First Book in the Series: The Golden Compass (1995)
Description: Between Nine Inch Nails’ landmark Further Down the Spiral tour, the fundamentalist-skewering film Se7en and Philip Pullman’s The Golden Compass, it’s safe to say Christianity and the mainstream media weren’t huge friends in 1995. But unlike the disturbing exploitation of the first two head-turners, Pullman’s fantasy masterwork tackled its philosophical adversary with intelligence and staggering imagination. The Golden Compass—or Northern Lights as it’s known in Pullman’s native England—set off a trilogy following a young girl named Lyra as she adventured through multiple universes with a device that could answer any question. Pullman’s world(s) building is intoxicating, concocting a reality where children manifest souls as animal companions before the Magesterium severs their bond, rendering the kids as inert slaves. The fact that The Boston Globe would uncover a far more insidious parallel of this scenario seven years later speaks to a relevancy that a blockbuster film adaptation couldn’t hope to achieve. But as Lyra attempts to liberate the multiverse from theological rule, His Dark Materials pulls off a monumental accomplishment: enchantment and provocation in equal turn. —Sean Edgar

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Kingkiller.jpg The Kingkiller Chronicle by Patrick Rothfuss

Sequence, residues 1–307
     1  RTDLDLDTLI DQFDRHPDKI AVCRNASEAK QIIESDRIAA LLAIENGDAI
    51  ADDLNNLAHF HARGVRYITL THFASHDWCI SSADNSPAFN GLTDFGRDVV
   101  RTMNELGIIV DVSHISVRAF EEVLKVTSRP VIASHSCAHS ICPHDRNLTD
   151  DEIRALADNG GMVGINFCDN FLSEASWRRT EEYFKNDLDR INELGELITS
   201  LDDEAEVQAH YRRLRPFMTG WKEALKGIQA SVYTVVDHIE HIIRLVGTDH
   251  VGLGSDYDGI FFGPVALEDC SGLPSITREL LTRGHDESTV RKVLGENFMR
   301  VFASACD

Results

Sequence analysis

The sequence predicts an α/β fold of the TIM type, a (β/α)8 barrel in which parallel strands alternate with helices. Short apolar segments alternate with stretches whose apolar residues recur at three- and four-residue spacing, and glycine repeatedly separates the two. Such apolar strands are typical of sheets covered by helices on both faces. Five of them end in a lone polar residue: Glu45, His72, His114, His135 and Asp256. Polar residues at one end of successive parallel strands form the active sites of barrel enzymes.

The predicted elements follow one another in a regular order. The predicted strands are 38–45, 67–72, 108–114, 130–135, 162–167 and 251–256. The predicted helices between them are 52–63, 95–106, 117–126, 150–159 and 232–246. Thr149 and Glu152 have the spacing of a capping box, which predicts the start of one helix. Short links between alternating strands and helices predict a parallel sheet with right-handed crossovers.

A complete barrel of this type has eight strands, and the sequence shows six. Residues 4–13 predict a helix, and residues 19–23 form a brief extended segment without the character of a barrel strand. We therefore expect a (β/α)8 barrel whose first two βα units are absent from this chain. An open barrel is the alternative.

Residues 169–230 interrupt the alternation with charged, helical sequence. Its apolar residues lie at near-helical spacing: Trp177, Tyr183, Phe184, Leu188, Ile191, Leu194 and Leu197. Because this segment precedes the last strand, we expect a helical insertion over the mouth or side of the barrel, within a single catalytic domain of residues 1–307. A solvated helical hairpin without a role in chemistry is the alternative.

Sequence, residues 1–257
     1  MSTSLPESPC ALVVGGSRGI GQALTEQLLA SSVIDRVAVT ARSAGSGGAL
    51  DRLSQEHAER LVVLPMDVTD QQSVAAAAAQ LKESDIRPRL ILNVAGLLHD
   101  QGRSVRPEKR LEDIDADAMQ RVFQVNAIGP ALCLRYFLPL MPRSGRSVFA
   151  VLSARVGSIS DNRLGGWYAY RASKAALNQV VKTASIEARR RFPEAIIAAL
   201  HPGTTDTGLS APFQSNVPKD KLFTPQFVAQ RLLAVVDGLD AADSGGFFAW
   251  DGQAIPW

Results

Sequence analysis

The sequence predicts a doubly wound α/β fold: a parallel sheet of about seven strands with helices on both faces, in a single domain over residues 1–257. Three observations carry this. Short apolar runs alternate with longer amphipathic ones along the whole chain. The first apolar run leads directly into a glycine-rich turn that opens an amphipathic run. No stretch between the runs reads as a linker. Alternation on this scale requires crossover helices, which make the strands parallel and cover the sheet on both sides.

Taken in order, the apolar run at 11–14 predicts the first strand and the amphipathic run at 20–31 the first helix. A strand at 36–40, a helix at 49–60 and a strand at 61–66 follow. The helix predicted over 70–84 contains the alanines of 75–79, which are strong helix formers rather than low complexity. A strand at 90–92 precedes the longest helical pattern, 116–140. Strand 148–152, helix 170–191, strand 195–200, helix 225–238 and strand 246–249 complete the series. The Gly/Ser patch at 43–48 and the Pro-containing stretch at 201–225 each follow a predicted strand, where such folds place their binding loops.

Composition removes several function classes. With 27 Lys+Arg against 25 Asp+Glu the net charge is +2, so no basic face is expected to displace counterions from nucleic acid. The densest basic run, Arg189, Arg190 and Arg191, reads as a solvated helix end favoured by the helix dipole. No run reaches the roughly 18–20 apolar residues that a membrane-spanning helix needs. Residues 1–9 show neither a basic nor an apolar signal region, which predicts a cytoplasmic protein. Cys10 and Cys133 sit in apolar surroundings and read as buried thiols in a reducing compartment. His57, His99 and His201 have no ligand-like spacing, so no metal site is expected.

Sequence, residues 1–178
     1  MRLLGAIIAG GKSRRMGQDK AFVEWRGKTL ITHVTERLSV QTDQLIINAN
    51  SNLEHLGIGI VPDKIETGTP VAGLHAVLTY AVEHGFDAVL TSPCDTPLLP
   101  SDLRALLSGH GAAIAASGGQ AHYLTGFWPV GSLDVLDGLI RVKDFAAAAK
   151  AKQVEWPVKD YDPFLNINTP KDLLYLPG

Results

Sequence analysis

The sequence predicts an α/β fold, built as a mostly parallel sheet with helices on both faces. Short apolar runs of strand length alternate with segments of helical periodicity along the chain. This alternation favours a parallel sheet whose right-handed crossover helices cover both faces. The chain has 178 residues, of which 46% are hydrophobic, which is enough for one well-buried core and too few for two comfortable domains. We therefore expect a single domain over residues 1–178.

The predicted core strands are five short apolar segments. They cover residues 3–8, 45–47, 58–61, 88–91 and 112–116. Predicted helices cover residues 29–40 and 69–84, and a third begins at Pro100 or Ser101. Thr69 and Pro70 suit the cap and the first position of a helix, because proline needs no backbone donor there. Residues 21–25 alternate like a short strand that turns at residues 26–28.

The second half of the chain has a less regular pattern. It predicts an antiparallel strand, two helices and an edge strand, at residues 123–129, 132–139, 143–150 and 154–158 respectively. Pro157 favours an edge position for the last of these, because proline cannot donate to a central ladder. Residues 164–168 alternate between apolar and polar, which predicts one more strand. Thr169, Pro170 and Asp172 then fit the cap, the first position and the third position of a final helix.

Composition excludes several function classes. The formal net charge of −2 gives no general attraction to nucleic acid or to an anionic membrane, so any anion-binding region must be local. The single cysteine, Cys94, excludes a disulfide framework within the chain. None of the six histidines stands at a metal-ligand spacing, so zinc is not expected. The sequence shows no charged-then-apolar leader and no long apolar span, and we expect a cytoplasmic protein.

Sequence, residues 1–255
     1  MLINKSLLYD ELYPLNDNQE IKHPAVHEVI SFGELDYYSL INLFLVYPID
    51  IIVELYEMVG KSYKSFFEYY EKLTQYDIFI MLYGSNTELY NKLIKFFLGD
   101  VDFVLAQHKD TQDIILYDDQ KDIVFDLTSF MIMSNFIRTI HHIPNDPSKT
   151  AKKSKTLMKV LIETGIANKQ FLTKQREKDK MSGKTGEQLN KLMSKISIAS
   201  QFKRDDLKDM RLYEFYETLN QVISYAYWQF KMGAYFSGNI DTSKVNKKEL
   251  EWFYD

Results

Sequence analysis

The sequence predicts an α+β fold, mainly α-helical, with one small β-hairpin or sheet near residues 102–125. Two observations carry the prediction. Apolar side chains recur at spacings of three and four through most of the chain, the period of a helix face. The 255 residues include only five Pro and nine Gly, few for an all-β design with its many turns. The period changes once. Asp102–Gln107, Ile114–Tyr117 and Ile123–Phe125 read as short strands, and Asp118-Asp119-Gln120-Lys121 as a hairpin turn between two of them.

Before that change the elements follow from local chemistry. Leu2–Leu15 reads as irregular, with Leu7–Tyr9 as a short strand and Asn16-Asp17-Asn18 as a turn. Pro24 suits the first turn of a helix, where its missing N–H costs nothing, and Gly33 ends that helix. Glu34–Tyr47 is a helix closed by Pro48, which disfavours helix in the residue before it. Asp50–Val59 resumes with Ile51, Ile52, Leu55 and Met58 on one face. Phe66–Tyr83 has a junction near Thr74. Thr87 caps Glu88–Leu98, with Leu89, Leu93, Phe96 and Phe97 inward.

First Book in the Series: The Name of the Wind (2007)
Description: With only two books published relatively recently (and a related novella), it could be argued that the unfinished Kingkiller trilogy doesn’t belong on this list. But only someone who hasn’t read these books would make that argument, as no other fantasy novels so easily shrug off their genre tag with such gorgeous prose. Kvothe’s tale is not an epic hero journey. Told as a regretful autobiography by a secluded innkeeper, it’s a life lived large, filled with magic and adventure, sure, but also with love, music and the trials of a poor student just trying to survive until the next meal. There is no book I’m more excited to read (The Winds of Winter included) than the final entry of this series. And along with the strange and lyrical novella, The Slow Regard of Silent Things, there are no other books I would recommend more to someone wanting to dip their toe into fantasy waters. —Josh Jackson

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LordoftheRings.jpg The Lord of the Rings by J.R.R. Tolkien

First Book in the Series: The Fellowship of the Ring (1954)
Description: J.R.R. Tolkien spent a dozen years building the world of Middle Earth between The Hobbit’s publication and the completion of Frodo’s epic journey to Mordor in The Return of the King. Every location the Fellowship encountered possessed a rich history and language, showcasing songs and poetry and mythology that always spoke of more beyond the page. But it was the four simple hobbits, bravely facing a world far larger and darker than their home in the Shire, that made every strange encounter relatable. Fighting orcs and spiders and worse, there was a nobility inverse to their size and a struggle between good and evil that resonates 62 years later. —Josh Jackson

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Magicians.jpg The Magicians Trilogy by Lev Grossman

First Book in the Series: The Magicians (2009)